In fact, Dmitry Rogozin, the bumbling head of the country’s space agency Roscosmos, announced on Twitter today that Russia will send cosmonaut Anna Kikina to the International Space Station late next year on board a SpaceX Crew Dragon capsule — rather than one of the country’s own Soyuz spacecraft.
The arrangement is part of a seat barter agreement, senior SpaceNews writer Jeff Foust pointed out, with a NASA astronaut making the trip on board a Soyuz some time next year as well.
For years, Rogozin and SpaceX CEO Elon Musk have butted heads. But as of late, Rogozin’s actions indicate that the two appear to have buried the hatchet. In other words, NASA, SpaceX, and Russia are ready to collaborate on sending humans into orbit — and that bodes well for the future of space exploration.
“In our view, SpaceX has already acquired enough experience for us to be able to put our cosmonauts on Crew Dragon,” Rogozin said through a translator at a press conference in October.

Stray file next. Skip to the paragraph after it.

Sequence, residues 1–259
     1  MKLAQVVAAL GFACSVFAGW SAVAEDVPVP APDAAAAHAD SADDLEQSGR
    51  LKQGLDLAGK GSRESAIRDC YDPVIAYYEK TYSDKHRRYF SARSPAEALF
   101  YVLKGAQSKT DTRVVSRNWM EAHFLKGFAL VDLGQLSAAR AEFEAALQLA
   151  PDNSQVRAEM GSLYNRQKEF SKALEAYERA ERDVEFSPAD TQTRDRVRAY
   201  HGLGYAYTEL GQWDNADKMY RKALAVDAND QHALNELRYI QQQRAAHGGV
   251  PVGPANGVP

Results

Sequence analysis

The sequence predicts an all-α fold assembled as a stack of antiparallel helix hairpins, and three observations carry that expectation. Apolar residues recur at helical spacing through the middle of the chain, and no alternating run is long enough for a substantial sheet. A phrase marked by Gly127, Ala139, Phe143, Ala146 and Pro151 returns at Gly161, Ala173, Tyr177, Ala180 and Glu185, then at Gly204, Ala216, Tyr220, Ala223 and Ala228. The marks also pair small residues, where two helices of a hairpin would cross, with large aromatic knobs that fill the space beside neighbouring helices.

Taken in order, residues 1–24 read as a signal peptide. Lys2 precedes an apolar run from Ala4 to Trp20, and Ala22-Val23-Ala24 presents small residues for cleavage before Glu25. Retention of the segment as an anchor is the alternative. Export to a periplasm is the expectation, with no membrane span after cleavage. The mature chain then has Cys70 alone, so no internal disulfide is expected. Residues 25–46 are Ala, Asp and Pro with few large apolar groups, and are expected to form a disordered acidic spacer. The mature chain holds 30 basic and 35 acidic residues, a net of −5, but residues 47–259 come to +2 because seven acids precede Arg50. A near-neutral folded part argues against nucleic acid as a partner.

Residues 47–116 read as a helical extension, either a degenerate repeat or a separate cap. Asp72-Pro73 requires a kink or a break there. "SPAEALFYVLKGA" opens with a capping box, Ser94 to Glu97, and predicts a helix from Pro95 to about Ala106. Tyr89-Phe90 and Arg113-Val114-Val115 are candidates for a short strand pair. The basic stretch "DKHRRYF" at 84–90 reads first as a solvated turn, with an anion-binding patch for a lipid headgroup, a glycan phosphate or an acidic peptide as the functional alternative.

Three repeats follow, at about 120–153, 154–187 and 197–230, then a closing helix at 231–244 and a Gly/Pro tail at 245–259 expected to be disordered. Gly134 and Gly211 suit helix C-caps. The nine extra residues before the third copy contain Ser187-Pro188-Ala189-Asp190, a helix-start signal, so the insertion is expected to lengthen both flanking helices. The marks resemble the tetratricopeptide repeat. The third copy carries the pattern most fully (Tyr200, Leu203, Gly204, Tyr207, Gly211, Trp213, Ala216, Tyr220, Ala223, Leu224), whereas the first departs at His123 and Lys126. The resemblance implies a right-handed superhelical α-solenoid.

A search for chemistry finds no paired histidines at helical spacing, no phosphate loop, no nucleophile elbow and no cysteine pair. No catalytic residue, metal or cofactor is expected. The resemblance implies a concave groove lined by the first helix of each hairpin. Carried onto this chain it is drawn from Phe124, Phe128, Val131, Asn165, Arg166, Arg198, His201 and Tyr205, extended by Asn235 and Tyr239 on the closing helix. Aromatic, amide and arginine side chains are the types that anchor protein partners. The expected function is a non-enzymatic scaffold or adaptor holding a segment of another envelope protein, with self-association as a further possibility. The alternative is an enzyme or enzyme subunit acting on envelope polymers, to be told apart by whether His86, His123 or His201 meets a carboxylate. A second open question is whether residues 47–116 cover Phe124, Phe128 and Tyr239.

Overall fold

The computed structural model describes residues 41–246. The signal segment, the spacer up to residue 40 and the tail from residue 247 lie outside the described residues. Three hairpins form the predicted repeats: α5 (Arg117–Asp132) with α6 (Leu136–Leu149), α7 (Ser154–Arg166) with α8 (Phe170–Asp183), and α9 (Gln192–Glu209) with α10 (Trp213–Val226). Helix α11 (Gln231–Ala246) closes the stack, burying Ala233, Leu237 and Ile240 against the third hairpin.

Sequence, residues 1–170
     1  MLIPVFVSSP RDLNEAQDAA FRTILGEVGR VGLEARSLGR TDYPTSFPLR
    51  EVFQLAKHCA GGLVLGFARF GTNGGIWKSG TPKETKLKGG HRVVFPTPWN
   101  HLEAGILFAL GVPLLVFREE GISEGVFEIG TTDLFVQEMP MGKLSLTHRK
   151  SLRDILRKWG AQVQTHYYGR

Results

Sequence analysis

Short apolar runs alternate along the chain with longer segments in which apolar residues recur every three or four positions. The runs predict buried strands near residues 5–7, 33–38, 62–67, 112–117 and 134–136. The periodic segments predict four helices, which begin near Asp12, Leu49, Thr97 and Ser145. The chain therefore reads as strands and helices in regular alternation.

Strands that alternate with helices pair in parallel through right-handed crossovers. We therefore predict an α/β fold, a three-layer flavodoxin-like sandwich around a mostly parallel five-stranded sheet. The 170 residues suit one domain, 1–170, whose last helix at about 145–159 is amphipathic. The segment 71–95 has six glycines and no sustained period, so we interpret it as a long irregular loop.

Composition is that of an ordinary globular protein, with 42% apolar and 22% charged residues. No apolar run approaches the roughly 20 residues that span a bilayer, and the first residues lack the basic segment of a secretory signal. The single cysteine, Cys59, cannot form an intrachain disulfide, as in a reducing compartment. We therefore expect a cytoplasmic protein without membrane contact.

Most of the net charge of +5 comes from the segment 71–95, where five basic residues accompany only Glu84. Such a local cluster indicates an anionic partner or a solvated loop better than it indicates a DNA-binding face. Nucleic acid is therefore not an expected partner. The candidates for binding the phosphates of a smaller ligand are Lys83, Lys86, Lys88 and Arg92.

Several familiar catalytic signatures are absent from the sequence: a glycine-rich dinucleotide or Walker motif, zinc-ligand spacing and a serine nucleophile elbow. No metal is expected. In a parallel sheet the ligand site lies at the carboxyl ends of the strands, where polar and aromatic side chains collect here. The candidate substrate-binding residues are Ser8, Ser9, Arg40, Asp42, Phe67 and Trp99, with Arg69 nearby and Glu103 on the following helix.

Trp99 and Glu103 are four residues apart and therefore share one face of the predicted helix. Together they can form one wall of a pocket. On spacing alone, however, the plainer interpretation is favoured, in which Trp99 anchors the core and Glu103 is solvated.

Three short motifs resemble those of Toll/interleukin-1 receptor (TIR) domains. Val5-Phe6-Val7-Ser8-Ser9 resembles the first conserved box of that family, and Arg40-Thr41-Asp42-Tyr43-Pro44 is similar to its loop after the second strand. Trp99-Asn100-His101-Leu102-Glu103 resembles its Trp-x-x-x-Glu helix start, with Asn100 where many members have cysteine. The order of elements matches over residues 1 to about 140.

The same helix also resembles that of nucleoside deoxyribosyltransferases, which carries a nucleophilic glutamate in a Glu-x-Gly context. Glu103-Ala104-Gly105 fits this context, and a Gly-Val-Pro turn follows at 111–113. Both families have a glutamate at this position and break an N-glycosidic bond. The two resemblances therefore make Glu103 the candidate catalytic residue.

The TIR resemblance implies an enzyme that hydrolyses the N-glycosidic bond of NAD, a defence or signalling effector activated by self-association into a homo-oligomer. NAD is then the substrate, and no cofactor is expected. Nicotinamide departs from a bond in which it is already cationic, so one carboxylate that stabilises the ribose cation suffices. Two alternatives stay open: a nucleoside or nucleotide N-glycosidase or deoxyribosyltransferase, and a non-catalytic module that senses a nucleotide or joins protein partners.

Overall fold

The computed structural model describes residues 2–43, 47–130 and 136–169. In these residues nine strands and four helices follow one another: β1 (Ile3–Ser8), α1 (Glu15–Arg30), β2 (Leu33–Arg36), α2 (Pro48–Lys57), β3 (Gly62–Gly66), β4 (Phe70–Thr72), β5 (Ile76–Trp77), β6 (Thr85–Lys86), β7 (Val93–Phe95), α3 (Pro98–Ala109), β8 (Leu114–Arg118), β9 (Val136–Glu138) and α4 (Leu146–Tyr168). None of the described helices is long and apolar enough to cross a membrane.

“I believe we will be in a position to discuss candidates who may be flying to the space station on board the Crew Dragon — Russian cosmonauts, and American astronauts who will be flying to the space station on Russian spacecraft,” he added.
SpaceX has completed several crewed missions to the ISS over the last couple of years, demonstrating its Crew Dragon capsule is ready for primetime.
Will it ever replace Russia’s workhorse, the Soyuz? In the short term, that’s looking unlikely.
The spacecraft has been used since the late 1960s to ferry astronauts into space. While Roscosmos has made several changes to the capsule’s technology over the decades, the basic design remains the same.
The seat barter goes to show that international collaboration can be mutually beneficial, and the continued existence of the ISS is the ultimate proof.